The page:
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Immigrant Chronicle

Peter Skrzynecki

Feliks Skrzynecki
This poem is a tribute to the dignity and stoicism in the face of loss and hardship to the poets father Feliks whose
journey from Europe to Australia, from one culture to another, echoes through the poem and it s clear that the
impact of the journey is as strong for the son as for the father. This poem highlights that the hardest thing about
physical migration is whether to keep or let go of the memories as migration allows the person to destabilise both
physically and mentally. The poet deals with the emotional consequences of the physical journey.
Title: Feliks
My gentle father

Kept pace only

with the
Joneses/Of his own
minds making
Of his own minds
Loved his garden
like an only child

Tells us that this poem is about how a person can affect your sense of belonging
Possessive noun my
Gentle sets the tone of the poem and reveals the poets perspective of his father as one
of love and admiration
Peter respects and honours Feliks with this kind salutation
Suggests that Feliks is his own man and only wants to do ordinary things well
This allusion to a famous clich sees Feliks reject the ambitions for bigger, better things
as others see the mark of success and belonging Feliks has all he needs, his contentment
is replete and he has achieved a sense of belonging. This sense of gratitude and only
desiring the simple pleasures of life is reflected in the second reference.
Alliteration to show how the poets father was his own man, not driven by pressures
enforced by others
Uses imagery to emphasise the place of belonging for Feliks
Similie like an only child shows the extent of love and devotion to the garden

cement, fingers
with cracks

Like the sods he

broke From the
soil he turned
Ten times around
the world

cement, fingers
with cracks
Why his arms
didnt fall off
His Polish
shook hands too
violently Horses
they bred
I never got used
Always shook
hands too

Twin use of hyperbole in Spent years walking its perimeter and He swept its paths/Ten
times around the world expresses Feliks devotion to his garden, to a place where he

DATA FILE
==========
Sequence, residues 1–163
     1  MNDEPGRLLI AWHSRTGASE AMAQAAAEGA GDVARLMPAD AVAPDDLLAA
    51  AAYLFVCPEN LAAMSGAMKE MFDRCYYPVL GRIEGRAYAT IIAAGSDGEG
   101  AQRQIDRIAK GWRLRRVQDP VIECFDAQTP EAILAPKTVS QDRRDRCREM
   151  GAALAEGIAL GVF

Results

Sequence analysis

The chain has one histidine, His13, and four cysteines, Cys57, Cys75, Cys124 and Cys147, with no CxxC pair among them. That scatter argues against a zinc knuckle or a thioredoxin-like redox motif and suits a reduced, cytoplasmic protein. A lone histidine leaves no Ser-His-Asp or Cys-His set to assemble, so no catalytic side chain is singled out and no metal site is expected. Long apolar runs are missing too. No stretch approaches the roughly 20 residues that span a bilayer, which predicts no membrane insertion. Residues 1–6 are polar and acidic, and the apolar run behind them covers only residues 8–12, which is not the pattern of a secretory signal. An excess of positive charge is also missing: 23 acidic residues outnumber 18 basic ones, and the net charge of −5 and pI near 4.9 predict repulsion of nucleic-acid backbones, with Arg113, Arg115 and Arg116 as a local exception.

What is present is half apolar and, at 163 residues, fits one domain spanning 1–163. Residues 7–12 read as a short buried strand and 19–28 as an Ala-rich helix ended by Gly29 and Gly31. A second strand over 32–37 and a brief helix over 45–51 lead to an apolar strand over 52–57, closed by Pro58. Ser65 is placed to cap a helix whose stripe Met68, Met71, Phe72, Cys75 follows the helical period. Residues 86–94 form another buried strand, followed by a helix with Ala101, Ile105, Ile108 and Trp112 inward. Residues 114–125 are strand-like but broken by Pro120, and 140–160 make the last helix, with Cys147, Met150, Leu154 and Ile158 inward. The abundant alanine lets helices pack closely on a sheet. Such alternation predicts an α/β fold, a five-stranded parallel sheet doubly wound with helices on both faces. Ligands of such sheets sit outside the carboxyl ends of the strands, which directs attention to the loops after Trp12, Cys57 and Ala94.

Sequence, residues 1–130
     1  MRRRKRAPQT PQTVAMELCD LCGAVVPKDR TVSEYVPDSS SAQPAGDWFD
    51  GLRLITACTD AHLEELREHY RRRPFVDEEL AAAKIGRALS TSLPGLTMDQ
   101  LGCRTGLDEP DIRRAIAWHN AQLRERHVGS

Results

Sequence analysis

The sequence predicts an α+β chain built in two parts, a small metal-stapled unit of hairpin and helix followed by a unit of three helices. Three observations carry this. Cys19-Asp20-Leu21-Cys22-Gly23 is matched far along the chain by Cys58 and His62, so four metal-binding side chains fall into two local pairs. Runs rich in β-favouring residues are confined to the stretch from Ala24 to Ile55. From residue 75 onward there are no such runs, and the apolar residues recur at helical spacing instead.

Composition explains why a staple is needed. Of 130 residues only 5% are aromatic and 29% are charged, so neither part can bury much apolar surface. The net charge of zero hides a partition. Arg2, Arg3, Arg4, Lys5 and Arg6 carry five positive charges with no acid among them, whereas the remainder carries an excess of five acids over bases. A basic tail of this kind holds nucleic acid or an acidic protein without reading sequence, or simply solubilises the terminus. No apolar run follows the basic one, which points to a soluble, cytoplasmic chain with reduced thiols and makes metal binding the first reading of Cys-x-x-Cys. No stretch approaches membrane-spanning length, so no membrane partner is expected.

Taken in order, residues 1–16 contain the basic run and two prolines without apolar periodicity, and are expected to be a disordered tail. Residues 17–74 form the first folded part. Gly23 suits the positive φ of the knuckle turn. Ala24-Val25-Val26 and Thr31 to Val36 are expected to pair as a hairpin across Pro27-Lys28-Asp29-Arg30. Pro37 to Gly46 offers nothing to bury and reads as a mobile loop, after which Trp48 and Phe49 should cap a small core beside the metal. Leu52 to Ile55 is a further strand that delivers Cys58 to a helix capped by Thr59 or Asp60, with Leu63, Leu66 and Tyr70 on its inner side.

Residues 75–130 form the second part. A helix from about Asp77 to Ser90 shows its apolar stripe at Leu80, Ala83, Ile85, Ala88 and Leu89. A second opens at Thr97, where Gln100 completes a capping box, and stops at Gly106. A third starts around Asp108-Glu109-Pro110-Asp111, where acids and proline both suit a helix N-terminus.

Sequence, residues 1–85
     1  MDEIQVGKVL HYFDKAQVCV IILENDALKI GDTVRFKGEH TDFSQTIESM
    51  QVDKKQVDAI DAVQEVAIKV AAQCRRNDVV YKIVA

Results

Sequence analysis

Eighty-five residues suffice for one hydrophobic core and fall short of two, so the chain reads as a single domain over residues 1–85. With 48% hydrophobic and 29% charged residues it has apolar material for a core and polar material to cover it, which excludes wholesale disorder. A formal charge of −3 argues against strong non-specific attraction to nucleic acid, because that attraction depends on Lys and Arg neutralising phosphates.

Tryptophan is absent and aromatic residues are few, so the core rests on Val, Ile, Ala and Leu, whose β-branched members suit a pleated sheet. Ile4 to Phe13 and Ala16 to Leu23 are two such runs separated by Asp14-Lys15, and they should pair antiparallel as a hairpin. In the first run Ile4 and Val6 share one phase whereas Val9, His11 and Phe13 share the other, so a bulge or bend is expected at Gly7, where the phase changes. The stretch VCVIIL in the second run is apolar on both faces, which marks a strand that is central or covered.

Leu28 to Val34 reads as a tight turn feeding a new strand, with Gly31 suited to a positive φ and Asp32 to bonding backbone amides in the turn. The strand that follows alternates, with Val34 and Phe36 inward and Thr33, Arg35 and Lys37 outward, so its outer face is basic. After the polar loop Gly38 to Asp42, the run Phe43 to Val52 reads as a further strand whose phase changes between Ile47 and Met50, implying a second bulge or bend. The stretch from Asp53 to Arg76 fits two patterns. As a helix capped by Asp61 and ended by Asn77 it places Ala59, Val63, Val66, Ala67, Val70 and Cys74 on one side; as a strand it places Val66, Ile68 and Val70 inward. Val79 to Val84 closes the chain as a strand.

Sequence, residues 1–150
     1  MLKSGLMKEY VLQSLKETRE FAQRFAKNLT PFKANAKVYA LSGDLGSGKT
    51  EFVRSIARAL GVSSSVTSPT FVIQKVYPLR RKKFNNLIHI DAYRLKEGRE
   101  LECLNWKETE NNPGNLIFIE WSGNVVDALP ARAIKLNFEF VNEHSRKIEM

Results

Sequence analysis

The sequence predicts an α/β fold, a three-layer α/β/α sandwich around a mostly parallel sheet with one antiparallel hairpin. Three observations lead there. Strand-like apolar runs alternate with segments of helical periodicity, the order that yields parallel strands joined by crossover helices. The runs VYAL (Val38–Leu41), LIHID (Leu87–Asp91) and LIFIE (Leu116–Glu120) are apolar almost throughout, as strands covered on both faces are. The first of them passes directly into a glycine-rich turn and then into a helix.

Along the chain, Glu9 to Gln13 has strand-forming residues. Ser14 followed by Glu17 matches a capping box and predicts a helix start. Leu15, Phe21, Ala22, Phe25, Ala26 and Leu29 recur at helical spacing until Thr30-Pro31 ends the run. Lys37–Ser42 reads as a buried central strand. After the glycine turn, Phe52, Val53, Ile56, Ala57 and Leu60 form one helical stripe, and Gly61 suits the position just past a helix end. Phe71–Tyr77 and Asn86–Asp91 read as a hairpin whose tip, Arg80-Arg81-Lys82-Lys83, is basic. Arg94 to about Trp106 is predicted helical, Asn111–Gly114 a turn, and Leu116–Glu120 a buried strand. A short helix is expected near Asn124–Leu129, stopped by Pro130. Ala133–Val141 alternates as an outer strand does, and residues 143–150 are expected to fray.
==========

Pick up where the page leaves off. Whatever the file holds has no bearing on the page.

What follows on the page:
Narrows the focus from the man in his garden to the darkened cracked hands
Powerful images of hard, physical labour

Skrzynecki paints a picture of a man who is not afraid to work and who has come to a
place, his own place, where he is content (He respects his father because through all the
hardships, he still belongs)
Hyperbole creates a sense of belonging in this setting, as he chooses to stay within its
Gives the readers a sense of the fathers dedication to his self-imposed task
Hard labour (but it is a labour of love contrasted with forced labour in Germany he is
working hard in this setting because he has a sense of belonging with it
Manual images help individualise him

From Peters (a kid) perspective, he has superhuman strength

Feliks friends are seen as further sources of acceptance & belonging for Feliks. They share
memories reminiscing about fertile farms and animals in their native Poland. The positive
connotations of the verbs suggest the immigrants shared nostalgia springing from their
common experiences

Peter finds their speech and actions alienating

Negative connotations heighten the sense of Peters discomfort in this situation

Did not dull the
softness of his
blue eyes

I never once

Happy as I have
never been

Hadrians Wall

His father is a survivor whose resilience to suffering has enabled his softness not to be
hardened or dulled by experience.
This imagery juxtaposes the fathers resilience and inner strength with his gentle
Courage and endurance are key traits in his fathers personality. These lines emphasise his
Sense of awe and envy for the man whom he never once hear/Him complain and for
whom nothing, not Five years of forced labour in Germany nor When twice/They dug
cancer out of his foot could dull the softness of his blue eyes.
They are both affected by this curse of racial prejudice and discrimination
A tone of regret the poet cannot share his fathers contentment with the world he has
created for himself. With painful recognition, the poet sees that his father is happy as I
have never been
Reinforces the idea of separation

St Patricks College
This is a reflective appraisal, informed by the benefit of hindsight and subsequent experience. The overall tone is